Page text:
Parenting is the Most Frustrating (And Rewarding) Part of my Life

Seven years ago, my wife and I were in a barren place, both literally and metaphorically. Our efforts to start a family seemed to be in vain and our marriage was on the rocks. But these past seven years have taught me that difficulty and adversity are common denominators for anything deeply rewarding. At least that’s what I have to remind myself of, now, as a father to four kids under the age of seven.

Being a dad is the most frustrating and exhausting thing I have ever endeavored. Every day is a new opportunity for them to push the boundaries and test the limits and my patience. In fact, when compared to fatherhood, running a business, speaking in front of a crowd, writing a book, or tackling a half Ironman seem easy.

But at the same time, being a father is the most deeply rewarding part of my life. Whether you realize it or not, your kids depend on you.

Fighting For Our Kids

I was at my office when my wife called to tell me that one of our three-year-old twins was lying on the pool deck throwing a fit worthy of his own reality show. Who would have thought a swim float could cause so much drama?

I wasn’t quite sure how to respond. The voice of sarcasm begged and the cry of apathy was loud, but I chose a different response. My responsibilities at work could wait.

Or there was the time when our other twin refused to go upstairs and take a bath. While I wanted to scream and threaten, I chose to wait it out and sit with him.

These represent the countless opportunities to fight with our kids. But fighting with our kids never solves anything. Instead, we have to be willing to fight for them. It’s important to know the difference.

Their defiant, test-the-system, bull-headedness, will be one of their most beneficial traits if we learn how to help them cultivate it. We just have to surrender our sarcasm and our work and our agenda and our iPhone long enough to fight.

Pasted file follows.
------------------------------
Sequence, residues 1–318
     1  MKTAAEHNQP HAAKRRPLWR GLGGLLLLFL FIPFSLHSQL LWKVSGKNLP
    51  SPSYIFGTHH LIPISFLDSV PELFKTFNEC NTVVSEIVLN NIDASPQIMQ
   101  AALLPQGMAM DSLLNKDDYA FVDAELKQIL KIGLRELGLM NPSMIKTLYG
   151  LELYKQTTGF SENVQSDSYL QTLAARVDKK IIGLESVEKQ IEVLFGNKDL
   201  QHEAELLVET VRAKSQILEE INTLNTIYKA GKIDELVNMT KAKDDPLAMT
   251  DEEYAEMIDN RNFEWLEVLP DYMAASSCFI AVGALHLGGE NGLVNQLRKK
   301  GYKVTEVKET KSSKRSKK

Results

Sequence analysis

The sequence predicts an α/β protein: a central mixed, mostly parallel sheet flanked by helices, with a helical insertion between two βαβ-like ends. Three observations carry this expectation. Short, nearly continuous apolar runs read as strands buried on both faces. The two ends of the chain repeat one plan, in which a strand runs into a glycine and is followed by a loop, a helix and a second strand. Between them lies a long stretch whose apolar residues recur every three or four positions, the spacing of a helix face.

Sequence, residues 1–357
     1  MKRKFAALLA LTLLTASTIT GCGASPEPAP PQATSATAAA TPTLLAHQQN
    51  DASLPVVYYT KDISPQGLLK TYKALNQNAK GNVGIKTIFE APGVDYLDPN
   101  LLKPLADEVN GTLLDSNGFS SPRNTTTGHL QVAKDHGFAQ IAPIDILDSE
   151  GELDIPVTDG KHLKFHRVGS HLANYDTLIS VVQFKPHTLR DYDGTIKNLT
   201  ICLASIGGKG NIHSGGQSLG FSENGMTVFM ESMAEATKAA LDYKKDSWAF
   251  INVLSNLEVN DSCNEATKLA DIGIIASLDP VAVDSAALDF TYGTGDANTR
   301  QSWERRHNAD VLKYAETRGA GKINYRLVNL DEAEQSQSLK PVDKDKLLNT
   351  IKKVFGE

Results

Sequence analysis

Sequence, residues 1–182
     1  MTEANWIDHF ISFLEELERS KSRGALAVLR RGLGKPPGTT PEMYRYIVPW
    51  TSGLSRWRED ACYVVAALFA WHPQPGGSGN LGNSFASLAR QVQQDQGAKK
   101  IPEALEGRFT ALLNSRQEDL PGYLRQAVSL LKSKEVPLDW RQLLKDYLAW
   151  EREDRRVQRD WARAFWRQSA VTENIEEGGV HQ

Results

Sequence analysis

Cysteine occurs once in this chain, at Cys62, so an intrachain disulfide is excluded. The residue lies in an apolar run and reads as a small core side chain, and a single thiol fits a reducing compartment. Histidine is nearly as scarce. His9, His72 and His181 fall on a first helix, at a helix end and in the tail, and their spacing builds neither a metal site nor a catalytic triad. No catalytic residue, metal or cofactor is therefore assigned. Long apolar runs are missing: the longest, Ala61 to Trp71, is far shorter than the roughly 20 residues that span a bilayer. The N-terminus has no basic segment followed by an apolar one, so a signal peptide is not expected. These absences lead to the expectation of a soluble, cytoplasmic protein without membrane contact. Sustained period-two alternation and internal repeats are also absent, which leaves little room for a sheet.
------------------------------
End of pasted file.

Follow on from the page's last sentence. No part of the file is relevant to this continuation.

While it’s important to tell our kids what to do and what not to do, it’s far more important to help them understand who they want to become. That will only happen when we’re in their corner.

Parents, we are paving the road for our sons and daughters to walk on. A road that is built upon a foundation of confidence that we are worth following. They will know that we are worth following by our willingness to fight for them.

A Reflection of the Father

I’m beginning to love parenting so much because it is a refection of my relationship with my Heavenly Father.

In the picture of Jesus, we see that the Father’s love was so strong that He came down to fight with us. He didn’t leave us here, alone, to follow rules and obey laws. He came alongside us in the trenches—in the confines of skin and sin and death.

He wept with us. He bled with us. He fought with us.

And that’s why we follow His lead—because He is willing to fight alongside us.

That is the image we must bear to our children.

This morning, my son, who defiantly fought me earlier in the week, reached up and grabbed my hand as we walked through a sporting good’s store. It was firm reassurance. He knows we are in this together.

Although he didn’t say it out loud, I believe he was thinking, “Dad, I will follow you because you fight for me.”

That is why I continue to fight and challenge you to do the same.

Because that’s what our Father did for us.

MH

 

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These are the people I fight for

These are the people I fight for

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